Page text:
The aim of this study was to understand the variation in response to alcohol use by identifying classes of alcohol users based on alcohol-dependence symptoms and to compare these classes across demographic characteristics, abuse symptoms, and treatment usage.
Data from combined 2002-2005 National Survey on Drug Use and Health identified 110,742 past-year alcohol users, age 18 years or older. Latent class analysis defined classes based on observed clustering of alcohol-dependence symptoms based on criteria from the Diagnostic and Statistical Manual of Mental Disorders, Fourth Edition (DSM-IV). Chi-square statistics were used to test differences in sociodemographic and alcohol-abuse characteristics across classes. Multivariable latent class regressions were used to compare treatment usage across classes.
The four-class model had the best overall fit and identified classes that differed quantitatively and qualitatively, with 2.3% of the users in the most-severe class and 83.8% in the least-severe/ not-affected class. These classes differed in a number of demographic characteristics and alcohol-abuse symptoms. All individuals in the most-severe class met DSM-IV criteria for alcohol dependence; 80% of this class had alcohol-abuse symptoms. Twenty-six percent of the moderate and 50% of the moderate-high class met dependence criteria. Approximately 19% of the most-severe class and less than 5% of the moderate and moderate-high class received treatment for alcohol in the past year.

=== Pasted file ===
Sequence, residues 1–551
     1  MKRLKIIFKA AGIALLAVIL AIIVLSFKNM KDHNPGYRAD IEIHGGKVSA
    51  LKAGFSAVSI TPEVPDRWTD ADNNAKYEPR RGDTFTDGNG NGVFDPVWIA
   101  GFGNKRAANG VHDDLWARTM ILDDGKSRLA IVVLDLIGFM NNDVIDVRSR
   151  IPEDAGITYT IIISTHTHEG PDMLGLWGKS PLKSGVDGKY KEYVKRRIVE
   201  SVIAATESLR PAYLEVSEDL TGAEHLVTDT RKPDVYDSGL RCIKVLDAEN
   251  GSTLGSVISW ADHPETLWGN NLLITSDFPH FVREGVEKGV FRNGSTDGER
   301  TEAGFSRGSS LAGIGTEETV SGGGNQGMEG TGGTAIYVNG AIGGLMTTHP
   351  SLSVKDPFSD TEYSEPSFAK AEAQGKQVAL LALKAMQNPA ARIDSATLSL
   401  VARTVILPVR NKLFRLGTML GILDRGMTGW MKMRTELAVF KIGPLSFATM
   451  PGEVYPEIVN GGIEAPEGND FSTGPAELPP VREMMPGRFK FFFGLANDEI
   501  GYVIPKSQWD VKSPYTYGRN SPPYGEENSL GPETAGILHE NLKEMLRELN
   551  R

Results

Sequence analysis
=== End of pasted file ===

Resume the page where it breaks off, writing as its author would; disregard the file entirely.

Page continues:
This study demonstrates that meeting dependence criteria only partially captures variations in responses to severity of alcohol problems. Although individuals in the most-severe class were more likely to perceive need and receive treatment, the percentage of individuals receiving treatment was low.